This translated to significantly higher grain yields in near-sown crops than inter-row sown crops, except for the spaded treatment which yielded the same for both near-row and inter-row sown crops.
There were no differences among near-row sown treatments regardless of previous one-off tillage treatment. Near-row sowing under no-till yielded similarly to those sown near-row following tillage (off-set disc or spader) without the additional cost of the tillage treatments or the associated risks of erosion and loss of soil organic matter.
However, soils with extreme soil water repellency may require intense amelioration management, in the form of strategic (one-off) deep tillage or clay application to increase in-row plant and root system densities capable of channeling enough water down the soil profile to benefit near-row sown crops in the following season.
Furthermore, strategic deep tillage can overcome multiple soil constraints such as compaction and subsoil acidity through lime incorporation and improve subsoil fertility, in addition to overcoming topsoil water repellency.
Deep tillage should only be used as a one-off treatment to ameliorate significant soil constraints.
Repeated intense cultivation can significantly reduce soil organic matter by disrupting stable organic matter networks and promoting its decomposition by soil microorganisms.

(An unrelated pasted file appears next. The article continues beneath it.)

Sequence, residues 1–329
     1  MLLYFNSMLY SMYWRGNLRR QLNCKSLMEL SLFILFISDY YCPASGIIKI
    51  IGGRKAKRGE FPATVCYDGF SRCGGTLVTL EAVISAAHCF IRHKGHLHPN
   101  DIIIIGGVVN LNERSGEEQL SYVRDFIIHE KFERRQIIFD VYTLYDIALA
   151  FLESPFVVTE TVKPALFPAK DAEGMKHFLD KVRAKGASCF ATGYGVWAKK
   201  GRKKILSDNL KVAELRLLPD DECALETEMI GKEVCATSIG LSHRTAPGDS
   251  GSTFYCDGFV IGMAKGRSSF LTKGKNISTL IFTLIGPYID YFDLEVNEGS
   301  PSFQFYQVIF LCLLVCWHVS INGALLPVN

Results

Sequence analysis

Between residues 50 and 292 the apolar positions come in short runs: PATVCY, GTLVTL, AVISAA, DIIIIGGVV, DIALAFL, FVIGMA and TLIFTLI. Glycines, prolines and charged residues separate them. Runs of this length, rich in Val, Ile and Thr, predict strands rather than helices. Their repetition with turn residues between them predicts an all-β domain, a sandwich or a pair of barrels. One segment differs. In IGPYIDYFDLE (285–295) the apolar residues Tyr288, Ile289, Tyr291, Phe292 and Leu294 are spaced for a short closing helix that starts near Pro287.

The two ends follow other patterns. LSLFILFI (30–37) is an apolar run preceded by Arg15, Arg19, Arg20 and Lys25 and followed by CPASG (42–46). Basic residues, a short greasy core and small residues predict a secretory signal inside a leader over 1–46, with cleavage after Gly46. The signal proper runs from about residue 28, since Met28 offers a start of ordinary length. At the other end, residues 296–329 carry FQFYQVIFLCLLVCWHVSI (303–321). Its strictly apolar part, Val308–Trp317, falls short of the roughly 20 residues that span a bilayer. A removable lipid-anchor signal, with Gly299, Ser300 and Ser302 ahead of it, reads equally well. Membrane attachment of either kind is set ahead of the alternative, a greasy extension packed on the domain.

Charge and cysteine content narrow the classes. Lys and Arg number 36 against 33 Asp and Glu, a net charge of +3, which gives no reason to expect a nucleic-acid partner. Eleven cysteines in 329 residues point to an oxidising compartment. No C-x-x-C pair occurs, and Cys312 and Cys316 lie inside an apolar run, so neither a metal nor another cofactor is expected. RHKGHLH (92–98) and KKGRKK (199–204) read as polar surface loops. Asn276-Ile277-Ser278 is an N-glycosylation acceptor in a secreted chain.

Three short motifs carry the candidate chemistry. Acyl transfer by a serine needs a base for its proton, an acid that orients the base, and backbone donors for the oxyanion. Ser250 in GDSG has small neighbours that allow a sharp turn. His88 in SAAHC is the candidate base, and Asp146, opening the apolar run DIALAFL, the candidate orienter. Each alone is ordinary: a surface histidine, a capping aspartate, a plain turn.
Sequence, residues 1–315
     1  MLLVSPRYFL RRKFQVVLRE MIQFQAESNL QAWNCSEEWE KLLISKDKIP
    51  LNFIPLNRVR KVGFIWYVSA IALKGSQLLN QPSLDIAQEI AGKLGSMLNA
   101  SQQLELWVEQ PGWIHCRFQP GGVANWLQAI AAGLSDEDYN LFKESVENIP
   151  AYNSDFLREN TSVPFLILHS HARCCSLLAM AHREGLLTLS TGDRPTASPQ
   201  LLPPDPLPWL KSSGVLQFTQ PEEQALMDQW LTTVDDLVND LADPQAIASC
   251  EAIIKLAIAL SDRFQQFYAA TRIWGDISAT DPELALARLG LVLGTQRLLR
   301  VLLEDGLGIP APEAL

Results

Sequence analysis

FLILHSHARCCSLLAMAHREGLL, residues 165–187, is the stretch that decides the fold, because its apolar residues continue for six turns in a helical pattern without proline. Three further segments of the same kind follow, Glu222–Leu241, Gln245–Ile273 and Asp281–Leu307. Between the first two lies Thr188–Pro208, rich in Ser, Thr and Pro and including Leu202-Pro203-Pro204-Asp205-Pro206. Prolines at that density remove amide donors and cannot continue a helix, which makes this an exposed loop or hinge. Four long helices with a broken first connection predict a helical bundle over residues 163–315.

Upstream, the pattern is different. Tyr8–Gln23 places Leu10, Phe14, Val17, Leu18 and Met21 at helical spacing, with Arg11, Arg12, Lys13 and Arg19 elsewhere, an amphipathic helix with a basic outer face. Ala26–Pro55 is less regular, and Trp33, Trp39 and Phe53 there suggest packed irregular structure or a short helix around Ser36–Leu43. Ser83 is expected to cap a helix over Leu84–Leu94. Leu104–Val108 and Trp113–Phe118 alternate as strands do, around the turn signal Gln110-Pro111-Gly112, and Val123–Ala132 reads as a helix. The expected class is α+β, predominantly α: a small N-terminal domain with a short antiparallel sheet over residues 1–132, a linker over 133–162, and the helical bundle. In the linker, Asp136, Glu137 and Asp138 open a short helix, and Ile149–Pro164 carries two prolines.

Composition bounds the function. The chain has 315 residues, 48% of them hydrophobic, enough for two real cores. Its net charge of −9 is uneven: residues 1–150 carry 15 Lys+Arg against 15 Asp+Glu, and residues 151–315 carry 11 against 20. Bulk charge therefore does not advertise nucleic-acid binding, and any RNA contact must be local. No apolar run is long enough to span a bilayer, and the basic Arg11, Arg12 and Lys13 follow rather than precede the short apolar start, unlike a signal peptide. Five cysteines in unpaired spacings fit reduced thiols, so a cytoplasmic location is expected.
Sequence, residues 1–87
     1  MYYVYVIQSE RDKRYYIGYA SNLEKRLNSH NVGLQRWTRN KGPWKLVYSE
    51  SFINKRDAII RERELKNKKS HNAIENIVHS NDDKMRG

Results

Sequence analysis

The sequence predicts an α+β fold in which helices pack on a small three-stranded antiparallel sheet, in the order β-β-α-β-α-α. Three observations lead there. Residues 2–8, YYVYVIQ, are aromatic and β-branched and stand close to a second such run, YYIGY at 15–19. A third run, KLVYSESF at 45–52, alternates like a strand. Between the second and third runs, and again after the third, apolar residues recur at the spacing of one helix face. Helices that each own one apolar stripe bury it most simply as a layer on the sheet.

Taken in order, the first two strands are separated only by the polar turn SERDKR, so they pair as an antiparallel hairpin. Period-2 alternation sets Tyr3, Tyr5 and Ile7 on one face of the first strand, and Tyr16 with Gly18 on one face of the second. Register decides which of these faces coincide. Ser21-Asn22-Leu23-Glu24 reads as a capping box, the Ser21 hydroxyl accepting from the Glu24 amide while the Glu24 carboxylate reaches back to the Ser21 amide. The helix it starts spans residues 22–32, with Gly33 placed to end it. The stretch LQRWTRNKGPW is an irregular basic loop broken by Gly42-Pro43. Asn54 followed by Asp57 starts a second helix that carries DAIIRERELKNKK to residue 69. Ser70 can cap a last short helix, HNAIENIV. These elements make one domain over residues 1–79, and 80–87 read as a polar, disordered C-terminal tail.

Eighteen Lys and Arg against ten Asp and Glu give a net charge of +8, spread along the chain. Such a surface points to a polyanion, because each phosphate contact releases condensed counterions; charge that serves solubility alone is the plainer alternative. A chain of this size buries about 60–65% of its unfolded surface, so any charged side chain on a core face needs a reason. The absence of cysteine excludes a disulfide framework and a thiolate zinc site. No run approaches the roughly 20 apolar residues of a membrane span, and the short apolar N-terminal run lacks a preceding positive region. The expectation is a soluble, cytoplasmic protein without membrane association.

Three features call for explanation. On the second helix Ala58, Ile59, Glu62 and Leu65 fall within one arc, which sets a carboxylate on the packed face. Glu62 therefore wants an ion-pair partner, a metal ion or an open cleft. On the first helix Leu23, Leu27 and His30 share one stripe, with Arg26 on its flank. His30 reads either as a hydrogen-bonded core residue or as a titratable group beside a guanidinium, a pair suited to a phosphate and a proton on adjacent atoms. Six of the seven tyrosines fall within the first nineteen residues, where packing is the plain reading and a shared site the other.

Organic matter is important for crop productivity because it increases water holding capacity in soil and provides nutrients for soil microorganisms and for plant growth.
This was demonstrated previously by the CSIRO team in a 10-year field trial, on the South Coast of WA, which showed that low soil organic carbon and surface crop residue cover, caused by repeated cultivation and stubble burning, reduced soil water contents and grain yields.
Furthermore, rebuilding soil organic carbon and surface crop residue cover at the South Coast trial site, following the return to no-till and stubble retention, was extremely slow.
At the Wanilla site in South Australia, near-row sowing again produced significantly higher grain yields than inter-row sown crops. However, there was no effect of cultivation on yields at this site, probably because tillage intensity was very low compared with the Moora site.
Visual observations and soil measurements pointed to a hydrological explanation for the yield benefits seen under near-row sowing, and this was independent of the severity of repellency.
Similar to observations made by Roper et al. (2013), blue dye solutions, applied to the surface of soil at Wanilla, flowed down the soil profile through root channels, by-passing the surface repellent soil layer (Photo A) which was severely water repellent.
Once the solution reached the more wettable subsoil below, water moved horizontally, wetting up this layer more uniformly (Photo B).
These root pathways have been shown to persist well into the following season (Roper et al. 2013) and hence, have the potential to improve water availability to new crops sown in their vicinity.
Measurements of soil water contents in the crop rows compared with crop inter-rows supported this visual evidence.
Observations at Pingrup, indicated that soil water contents were consistently higher in crop rows than the inter-row (by up to 4%) and that this was associated with a progressive decline in the severity of repellency and an increase in the numbers of wax-degrading bacteria.
This implied that reductions in soil water repellency in the crop or stubble row were due, at least in part, to microbial decomposition of waxes responsible for water repellency.